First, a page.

The suitability of traditional dispute resolution mechanisms in adjudicating criminal matters in Kenya
Njoroge, Wairimu Jacqueline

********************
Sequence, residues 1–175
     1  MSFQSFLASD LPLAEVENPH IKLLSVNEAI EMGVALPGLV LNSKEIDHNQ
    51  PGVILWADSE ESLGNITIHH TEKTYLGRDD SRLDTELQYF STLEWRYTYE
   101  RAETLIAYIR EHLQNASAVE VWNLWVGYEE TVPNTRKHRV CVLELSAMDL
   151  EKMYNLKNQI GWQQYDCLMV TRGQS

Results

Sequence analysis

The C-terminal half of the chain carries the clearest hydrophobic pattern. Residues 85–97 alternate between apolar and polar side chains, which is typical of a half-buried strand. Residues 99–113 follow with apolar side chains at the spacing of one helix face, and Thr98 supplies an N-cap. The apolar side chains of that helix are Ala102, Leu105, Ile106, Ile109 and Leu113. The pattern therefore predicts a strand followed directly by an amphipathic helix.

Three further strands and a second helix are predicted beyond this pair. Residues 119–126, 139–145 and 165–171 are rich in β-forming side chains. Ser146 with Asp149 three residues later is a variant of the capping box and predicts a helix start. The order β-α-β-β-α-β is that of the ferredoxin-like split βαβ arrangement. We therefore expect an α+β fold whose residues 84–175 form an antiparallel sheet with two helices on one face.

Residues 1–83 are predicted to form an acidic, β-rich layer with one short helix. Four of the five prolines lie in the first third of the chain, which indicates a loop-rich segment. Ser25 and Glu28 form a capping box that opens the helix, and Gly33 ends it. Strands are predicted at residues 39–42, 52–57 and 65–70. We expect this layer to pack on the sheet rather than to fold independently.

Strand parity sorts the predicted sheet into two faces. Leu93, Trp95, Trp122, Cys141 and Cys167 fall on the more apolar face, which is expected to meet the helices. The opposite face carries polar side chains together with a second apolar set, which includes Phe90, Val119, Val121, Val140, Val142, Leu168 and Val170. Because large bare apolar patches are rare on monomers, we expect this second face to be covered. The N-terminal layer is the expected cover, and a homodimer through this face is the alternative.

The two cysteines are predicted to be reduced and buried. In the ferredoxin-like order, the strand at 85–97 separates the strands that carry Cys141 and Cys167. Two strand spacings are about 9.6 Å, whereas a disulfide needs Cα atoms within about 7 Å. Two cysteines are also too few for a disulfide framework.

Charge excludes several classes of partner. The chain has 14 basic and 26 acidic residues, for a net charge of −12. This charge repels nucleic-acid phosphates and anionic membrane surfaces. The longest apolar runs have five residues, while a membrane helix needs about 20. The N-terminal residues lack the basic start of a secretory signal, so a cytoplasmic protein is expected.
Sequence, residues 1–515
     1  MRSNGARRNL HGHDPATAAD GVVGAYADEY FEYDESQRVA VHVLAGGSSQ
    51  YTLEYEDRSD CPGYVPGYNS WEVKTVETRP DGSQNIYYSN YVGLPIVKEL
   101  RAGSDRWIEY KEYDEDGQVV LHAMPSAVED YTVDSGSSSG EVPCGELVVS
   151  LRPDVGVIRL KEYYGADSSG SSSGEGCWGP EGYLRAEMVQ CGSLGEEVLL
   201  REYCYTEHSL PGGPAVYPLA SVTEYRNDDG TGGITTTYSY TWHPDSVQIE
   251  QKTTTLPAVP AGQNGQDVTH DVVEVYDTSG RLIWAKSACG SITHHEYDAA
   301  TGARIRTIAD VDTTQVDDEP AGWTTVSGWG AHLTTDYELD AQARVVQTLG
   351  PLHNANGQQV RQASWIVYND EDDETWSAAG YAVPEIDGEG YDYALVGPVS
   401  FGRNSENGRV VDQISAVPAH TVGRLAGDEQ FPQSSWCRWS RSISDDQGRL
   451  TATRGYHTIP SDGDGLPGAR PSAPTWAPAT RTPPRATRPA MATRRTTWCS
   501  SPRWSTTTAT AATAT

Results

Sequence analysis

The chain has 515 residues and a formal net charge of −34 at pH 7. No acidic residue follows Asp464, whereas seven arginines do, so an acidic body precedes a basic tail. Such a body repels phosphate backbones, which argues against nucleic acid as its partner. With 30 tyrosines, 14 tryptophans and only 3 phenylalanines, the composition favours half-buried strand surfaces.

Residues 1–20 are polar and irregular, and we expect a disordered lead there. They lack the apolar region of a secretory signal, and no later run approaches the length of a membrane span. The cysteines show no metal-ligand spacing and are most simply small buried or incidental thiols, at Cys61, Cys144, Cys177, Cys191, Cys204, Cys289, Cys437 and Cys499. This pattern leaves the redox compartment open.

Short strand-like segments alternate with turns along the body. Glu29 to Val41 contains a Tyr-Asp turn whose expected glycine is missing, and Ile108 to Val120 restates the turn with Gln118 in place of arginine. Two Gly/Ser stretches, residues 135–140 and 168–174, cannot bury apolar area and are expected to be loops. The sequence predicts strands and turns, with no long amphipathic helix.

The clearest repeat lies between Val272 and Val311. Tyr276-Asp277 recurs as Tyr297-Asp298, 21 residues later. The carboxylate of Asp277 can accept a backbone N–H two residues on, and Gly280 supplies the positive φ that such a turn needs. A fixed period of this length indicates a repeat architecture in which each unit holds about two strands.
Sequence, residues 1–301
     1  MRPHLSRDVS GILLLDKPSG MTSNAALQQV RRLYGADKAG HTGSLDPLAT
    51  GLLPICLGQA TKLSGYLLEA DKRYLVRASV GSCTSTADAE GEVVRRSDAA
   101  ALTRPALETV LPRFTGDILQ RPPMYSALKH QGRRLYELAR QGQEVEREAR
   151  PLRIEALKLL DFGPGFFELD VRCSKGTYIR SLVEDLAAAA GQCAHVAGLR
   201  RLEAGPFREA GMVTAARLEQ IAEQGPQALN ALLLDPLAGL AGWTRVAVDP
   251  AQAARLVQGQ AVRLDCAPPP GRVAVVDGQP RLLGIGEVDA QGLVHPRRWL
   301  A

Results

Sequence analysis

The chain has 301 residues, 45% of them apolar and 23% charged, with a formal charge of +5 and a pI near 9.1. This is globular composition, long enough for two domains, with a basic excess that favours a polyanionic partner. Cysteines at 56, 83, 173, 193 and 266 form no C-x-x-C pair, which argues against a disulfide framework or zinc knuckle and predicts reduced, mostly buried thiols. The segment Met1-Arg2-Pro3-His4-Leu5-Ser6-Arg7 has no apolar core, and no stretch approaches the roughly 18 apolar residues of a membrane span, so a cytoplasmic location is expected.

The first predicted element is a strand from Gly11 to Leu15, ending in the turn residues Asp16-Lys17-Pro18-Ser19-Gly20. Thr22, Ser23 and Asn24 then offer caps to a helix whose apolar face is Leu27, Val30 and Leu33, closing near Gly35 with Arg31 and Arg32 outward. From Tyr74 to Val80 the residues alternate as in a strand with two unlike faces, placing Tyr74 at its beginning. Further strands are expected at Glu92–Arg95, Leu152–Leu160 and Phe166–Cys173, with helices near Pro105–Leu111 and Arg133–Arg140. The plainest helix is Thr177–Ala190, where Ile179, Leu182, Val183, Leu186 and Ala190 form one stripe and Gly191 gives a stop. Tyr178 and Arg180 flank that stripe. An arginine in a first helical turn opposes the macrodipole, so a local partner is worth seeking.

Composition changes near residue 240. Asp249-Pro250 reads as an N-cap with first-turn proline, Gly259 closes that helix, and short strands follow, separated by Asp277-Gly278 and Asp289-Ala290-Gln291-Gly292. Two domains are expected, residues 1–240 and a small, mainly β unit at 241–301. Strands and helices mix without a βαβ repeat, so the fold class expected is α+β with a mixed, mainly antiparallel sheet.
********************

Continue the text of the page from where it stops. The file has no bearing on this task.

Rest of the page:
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The existence of ethnic groups in a society results in the employment of justice systems that are uniquely designed to fit the culture of such a people. These systems tend to be informal in nature as they apply only to the people in that ethnic grouping.In most cases, they exist within an already acknowledged formal justice system. One that is structurally, procedurally and substantively different. However, the two systems are similar but not identical. Similar because they purpose to achieve justice within a transparent system, but not identical because they employ different techniques in order to achieve that justice.This paper examines the position of traditional dispute resolution mechanisms (TDRMs) in the context of criminal matters following the promulgation of the Constitution of Kenya, 2010. The paper argues that although the traditional systems are lacking in some regards, they act as a complementary tool to the formal justice system.By interrogating the traditional justice systems m other states, the paper demonstrates that traditional dispute resolution mechanisms are ideal for adjudicating criminal matters in Kenya.This is against the background of the backlog of cases in the courts as well as the procedural technicalities that have rendered the formal criminal justice system to some extent ineffective.The paper suggests that the role of the State is important in order to create a complementary cord between the formal and the traditional systems. The ways in which the State can effectuate this are explained in the paper. This is removed from the situation of traditional systems coupled with the success of other systems implemented in the world .